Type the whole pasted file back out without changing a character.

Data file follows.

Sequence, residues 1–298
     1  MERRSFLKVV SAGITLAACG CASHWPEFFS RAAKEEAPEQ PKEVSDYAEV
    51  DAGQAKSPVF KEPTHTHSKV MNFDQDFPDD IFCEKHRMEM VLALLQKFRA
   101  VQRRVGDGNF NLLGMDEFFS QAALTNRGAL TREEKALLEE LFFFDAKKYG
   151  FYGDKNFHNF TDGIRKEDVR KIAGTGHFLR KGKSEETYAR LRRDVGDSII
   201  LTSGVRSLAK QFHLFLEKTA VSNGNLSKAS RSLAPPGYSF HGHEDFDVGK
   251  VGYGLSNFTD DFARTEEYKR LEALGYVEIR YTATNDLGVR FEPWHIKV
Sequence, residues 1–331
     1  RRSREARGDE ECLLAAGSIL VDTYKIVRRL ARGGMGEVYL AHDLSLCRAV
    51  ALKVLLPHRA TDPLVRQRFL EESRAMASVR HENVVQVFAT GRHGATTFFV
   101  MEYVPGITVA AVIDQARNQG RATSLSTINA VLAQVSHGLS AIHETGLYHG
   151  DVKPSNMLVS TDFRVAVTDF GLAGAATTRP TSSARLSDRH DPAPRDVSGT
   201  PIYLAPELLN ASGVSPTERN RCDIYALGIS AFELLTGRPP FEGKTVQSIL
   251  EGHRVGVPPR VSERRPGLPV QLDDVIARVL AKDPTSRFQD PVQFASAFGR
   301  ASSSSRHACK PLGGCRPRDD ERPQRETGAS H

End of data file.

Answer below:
Sequence, residues 1–298
     1  MERRSFLKVV SAGITLAACG CASHWPEFFS RAAKEEAPEQ PKEVSDYAEV
    51  DAGQAKSPVF KEPTHTHSKV MNFDQDFPDD IFCEKHRMEM VLALLQKFRA
   101  VQRRVGDGNF NLLGMDEFFS QAALTNRGAL TREEKALLEE LFFFDAKKYG
   151  FYGDKNFHNF TDGIRKEDVR KIAGTGHFLR KGKSEETYAR LRRDVGDSII
   201  LTSGVRSLAK QFHLFLEKTA VSNGNLSKAS RSLAPPGYSF HGHEDFDVGK
   251  VGYGLSNFTD DFARTEEYKR LEALGYVEIR YTATNDLGVR FEPWHIKV
Sequence, residues 1–331
     1  RRSREARGDE ECLLAAGSIL VDTYKIVRRL ARGGMGEVYL AHDLSLCRAV
    51  ALKVLLPHRA TDPLVRQRFL EESRAMASVR HENVVQVFAT GRHGATTFFV
   101  MEYVPGITVA AVIDQARNQG RATSLSTINA VLAQVSHGLS AIHETGLYHG
   151  DVKPSNMLVS TDFRVAVTDF GLAGAATTRP TSSARLSDRH DPAPRDVSGT
   201  PIYLAPELLN ASGVSPTERN RCDIYALGIS AFELLTGRPP FEGKTVQSIL
   251  EGHRVGVPPR VSERRPGLPV QLDDVIARVL AKDPTSRFQD PVQFASAFGR
   301  ASSSSRHACK PLGGCRPRDD ERPQRETGAS H